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Indians Prepare To Assist Quake Survivors From Pakistan

An Indian Kashmiri boy waits for medical assitance at Uri, some 102 kms west of Srinagar, 24 October 2005. The Indian government said it had approached Pakistan with a proposal to open three relief points for victims of the 08 October earthquake along the Line of Control (LoC), the ceasefire line dividing Kashmir between Pakistan and India. AFP photo by Deshakalyan Chowhdury.

Chakan Dabagh, India (AFP) Oct 24, 2005
The Indian army is readying medical facilities, building bridges, clearing landmines and rushing supplies to its militarised frontier in expectation of a flood of stricken earthquake survivors from Pakistan, officials said Monday.

"We have set up a 100-bed tent hospital which includes a 10-bed emergency unit for those who are critically injured," Indian army brigadier A.K. Bakshi said in Chakan Dabagh, 249 kilometres (154 miles) west of Jammu, winter capital of Indian Kashmir.

Chakan Dabagh is one of three points along the Line of Control (LoC), the de facto border dividing Kashmir between Pakistan and India, identified by New Delhi at the weekend as points where it plans to set up relief camps for earthquake victims.

India says survivors from the Pakistani zone can cross the LoC to the relief camps during daylight hours, be treated and gather supplies, and then cross back again.

It said the camps will be opened as soon as Pakistan gives the go-ahead, and they would be ready to operate by Tuesday.

Islamabad, for its part, has proposed five locations on the LoC where Kashmiris from both sides can cross over in either direction to assist relatives hit by the October quake that left more than 53,000 people dead and about 3.3 million homeless on the Pakistani side.

Another 1,300 people were killed on the Indian side of the frontier.

Indian foreign ministry spokesman Navtej Sarna said in New Delhi late Monday that India will send officials to Pakistan for talks on setting up the camps.

"Senior officers will visit Pakistan for facilitating cooperation in earthquake relief," Sarna told a media conference, adding that the delegation will visit Islamabad before the end of the month.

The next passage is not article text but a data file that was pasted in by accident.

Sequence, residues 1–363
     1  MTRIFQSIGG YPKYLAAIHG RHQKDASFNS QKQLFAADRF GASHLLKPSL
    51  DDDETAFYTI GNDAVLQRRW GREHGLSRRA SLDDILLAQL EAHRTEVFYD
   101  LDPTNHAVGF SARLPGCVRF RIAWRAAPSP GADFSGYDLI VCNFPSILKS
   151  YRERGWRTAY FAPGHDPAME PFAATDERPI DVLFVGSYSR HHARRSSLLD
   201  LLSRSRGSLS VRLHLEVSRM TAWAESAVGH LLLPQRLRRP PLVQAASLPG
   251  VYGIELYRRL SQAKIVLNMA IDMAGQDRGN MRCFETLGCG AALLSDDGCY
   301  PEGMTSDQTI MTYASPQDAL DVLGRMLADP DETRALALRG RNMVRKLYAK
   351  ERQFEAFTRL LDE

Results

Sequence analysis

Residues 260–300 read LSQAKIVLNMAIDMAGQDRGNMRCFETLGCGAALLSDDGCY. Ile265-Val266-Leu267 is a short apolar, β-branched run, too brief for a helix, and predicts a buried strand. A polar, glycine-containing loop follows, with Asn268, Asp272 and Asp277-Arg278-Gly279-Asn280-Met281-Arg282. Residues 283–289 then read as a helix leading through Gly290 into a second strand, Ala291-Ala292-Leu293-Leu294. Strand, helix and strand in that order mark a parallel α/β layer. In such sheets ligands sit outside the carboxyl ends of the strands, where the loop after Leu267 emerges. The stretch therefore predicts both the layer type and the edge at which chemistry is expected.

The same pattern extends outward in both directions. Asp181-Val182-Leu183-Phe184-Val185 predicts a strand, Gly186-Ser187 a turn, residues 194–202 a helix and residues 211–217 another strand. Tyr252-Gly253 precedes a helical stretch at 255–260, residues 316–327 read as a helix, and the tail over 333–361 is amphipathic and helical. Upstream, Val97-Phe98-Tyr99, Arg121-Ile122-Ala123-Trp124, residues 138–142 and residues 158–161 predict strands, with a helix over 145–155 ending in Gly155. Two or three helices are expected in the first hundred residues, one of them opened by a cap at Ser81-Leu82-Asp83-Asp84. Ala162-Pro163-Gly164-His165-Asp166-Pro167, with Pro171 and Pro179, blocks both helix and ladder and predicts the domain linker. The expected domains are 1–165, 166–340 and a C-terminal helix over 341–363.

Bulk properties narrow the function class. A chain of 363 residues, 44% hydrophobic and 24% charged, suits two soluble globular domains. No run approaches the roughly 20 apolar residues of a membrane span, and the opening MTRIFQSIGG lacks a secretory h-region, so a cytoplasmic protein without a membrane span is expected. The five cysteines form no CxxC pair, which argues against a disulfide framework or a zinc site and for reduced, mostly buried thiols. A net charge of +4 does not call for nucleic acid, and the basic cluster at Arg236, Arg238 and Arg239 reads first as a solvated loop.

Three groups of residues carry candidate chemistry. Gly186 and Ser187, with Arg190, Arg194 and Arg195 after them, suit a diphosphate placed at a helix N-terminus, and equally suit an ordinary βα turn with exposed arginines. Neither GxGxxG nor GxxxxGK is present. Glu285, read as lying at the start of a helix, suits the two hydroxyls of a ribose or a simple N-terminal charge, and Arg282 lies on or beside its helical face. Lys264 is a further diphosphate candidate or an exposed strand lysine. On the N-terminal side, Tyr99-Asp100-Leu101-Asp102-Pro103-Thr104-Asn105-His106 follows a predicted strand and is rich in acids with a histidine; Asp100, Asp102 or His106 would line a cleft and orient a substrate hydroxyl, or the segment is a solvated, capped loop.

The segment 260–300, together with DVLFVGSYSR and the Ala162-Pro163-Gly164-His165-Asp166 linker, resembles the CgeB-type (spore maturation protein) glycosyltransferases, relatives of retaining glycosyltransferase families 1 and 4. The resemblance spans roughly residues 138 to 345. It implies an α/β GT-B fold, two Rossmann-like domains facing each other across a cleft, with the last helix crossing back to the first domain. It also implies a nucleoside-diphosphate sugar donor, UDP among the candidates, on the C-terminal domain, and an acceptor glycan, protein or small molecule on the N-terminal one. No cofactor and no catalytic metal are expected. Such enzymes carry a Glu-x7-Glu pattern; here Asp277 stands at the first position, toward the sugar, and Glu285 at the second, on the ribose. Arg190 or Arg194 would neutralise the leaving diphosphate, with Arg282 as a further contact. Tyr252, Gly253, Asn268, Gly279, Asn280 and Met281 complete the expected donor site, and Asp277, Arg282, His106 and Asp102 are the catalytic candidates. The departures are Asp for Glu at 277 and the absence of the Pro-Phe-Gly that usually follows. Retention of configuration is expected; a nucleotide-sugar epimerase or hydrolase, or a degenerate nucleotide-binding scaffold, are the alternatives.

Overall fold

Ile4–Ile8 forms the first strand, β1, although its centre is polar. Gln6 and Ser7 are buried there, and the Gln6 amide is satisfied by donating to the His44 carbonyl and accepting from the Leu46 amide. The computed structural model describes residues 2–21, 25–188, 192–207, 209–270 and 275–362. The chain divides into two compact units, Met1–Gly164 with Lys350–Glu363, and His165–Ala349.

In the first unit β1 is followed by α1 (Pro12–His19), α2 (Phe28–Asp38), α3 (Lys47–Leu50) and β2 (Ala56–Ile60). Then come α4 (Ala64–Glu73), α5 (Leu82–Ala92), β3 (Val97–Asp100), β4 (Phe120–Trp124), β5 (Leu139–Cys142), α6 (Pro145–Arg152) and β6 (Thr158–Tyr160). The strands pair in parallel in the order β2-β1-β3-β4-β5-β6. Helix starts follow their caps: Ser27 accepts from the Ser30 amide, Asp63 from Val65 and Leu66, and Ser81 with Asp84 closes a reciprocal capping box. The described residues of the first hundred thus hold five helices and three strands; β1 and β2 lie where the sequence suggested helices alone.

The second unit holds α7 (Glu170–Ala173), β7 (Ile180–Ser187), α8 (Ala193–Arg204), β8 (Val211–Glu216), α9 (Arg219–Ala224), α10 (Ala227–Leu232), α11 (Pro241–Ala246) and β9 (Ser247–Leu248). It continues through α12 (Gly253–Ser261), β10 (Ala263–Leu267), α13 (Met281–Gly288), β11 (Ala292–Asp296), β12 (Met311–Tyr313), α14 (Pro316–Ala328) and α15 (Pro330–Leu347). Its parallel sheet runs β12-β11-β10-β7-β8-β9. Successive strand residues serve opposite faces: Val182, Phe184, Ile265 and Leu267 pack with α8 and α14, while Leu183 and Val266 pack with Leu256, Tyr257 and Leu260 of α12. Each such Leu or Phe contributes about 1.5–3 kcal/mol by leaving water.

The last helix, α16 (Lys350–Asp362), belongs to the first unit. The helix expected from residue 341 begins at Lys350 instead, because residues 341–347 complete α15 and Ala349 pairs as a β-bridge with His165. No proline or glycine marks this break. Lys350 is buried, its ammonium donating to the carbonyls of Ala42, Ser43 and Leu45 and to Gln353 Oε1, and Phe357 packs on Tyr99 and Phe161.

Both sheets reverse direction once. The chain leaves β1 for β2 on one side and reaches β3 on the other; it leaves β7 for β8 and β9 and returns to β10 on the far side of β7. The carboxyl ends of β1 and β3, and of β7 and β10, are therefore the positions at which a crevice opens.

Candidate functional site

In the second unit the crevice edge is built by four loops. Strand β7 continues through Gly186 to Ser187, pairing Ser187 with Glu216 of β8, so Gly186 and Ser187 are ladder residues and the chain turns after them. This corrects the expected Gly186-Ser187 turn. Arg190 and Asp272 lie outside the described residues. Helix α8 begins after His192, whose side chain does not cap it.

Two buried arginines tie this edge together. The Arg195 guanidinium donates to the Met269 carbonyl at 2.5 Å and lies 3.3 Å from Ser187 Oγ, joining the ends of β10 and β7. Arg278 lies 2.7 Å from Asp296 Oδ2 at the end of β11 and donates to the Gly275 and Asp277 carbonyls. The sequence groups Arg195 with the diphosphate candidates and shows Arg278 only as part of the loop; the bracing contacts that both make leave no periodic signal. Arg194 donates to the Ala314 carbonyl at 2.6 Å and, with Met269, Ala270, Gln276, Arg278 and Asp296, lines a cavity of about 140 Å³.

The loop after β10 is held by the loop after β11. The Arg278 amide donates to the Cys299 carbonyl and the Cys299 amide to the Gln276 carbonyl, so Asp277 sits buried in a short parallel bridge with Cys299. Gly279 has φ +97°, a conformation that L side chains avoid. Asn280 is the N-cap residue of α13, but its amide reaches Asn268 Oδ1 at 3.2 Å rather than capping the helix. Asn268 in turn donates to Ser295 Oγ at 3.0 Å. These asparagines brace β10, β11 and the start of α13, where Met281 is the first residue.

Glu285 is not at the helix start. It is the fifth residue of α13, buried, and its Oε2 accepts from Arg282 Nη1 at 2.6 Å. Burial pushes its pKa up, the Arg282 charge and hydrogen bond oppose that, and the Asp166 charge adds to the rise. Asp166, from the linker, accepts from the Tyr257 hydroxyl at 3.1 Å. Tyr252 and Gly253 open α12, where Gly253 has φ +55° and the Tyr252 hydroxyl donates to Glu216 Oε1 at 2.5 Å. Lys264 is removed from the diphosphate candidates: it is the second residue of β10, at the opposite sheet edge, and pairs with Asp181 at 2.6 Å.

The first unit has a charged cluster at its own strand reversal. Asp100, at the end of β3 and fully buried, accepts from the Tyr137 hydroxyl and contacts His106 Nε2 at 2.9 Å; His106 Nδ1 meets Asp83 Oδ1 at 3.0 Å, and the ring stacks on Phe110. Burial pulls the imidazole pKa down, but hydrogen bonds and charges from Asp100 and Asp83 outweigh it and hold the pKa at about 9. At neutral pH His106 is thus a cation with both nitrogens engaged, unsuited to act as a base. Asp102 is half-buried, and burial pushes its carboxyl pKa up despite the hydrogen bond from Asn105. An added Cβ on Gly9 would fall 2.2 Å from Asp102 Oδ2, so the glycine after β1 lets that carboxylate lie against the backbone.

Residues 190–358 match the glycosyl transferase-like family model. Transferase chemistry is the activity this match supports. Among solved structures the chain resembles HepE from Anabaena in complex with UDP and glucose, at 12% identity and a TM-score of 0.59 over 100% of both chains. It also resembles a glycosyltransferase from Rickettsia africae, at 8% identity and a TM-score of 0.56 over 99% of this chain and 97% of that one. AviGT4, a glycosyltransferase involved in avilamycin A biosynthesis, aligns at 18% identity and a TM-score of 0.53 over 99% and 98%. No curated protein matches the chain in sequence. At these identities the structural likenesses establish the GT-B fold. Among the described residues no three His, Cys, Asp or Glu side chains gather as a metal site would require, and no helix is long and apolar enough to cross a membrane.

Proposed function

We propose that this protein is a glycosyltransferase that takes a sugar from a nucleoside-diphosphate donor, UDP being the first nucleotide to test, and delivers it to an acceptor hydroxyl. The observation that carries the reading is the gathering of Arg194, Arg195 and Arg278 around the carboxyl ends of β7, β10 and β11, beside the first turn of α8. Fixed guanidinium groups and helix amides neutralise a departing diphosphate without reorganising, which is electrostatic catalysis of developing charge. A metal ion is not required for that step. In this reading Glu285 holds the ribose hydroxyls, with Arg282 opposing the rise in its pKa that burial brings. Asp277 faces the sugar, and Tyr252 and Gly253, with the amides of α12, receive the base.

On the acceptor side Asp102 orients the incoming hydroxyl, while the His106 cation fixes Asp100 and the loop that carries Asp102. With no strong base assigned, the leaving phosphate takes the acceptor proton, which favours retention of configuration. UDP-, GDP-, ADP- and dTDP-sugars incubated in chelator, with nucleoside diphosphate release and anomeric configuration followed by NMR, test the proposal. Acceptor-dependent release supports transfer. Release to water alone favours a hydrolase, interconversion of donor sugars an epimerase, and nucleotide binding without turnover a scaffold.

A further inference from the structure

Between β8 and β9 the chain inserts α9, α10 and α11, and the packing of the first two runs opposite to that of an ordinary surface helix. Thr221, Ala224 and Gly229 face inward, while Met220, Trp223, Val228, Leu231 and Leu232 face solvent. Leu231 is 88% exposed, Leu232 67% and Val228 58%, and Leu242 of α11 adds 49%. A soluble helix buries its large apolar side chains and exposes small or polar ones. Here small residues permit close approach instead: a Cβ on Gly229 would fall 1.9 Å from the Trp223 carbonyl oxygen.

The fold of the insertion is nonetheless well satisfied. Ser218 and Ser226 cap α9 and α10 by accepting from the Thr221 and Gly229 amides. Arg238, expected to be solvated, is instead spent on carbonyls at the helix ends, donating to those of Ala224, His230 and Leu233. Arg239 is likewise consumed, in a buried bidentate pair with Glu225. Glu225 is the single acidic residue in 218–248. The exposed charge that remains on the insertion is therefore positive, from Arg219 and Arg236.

Brigadier Bakshi said the tented hospital would benefit survivors of three villages across the LoC, one of the world's most militarised frontiers.

"People in a 15-kilometre (nine-mile) radius can get medical aid here," he said, scanning the villages of Tedri Nod, Rawlakot and Madarpur across the LoC.

The brigadier said his engineers had built a three-kilometre (two mile) stretch of road to connect Chakan Dabagh to the Indian garrison supply town of Poonch in southern Kashmir.

Elsewhere, Indian army engineers were installing a "flying fox" bridge across the Neelum river at Teetwal in northern Tangdhar district and soldiers were ferrying food by mule to Kaman Post in the devastated Uri district -- the two other points India has proposed as relief centres.

Engineers said they had been working non-stop since Tuesday to clear landmines from the LoC to allow the safe crossing of earthquake survivors.

Colonel Hemant Juneja, the Indian army's chief spokesman in Kashmir, said New Delhi would be flexible on the relief efforts.

"First of all, Teetwal and Kaman Post will also act as main relief supply stores with communications and all other logistics," Juneja told AFP by telephone from Srinagar, summer capital of Indian Kashmir.

"It will now depend on Pakistan to accept whether our civilian doctors go across the LoC, or let people come to our relief camps, and allow the injured to come across for treatment and then go back. These are the possibilities," the colonel said.

India and Pakistan have fought two of their three wars over Kashmir. The LoC had remained closed from when it was established as a ceasefire line in 1949 until April this year when a trans-Kashmir bus services was relaunched after almost six decades.

The nuclear rivals have been engaged in a slow-moving peace process since January last year.

Despite moves to open the frontier, violence continues. The Indian army said its troops shot dead three suspected Islamic militants Sunday along the de facto border.

A 16-year-old insurgency has left more than 44,000 people dead by official count.

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India Not To Allow Unchecked Flow Of People Across Kashmir Border
New Delhi (AFP) Oct 21, 2005
Defence Minister Pranab Mukherjee has said India will not allow the unchecked flow of people through the de facto border dividing disputed Kashmir between India and Pakistan in the wake of an earthquake that killed more than 52,000 in the region.

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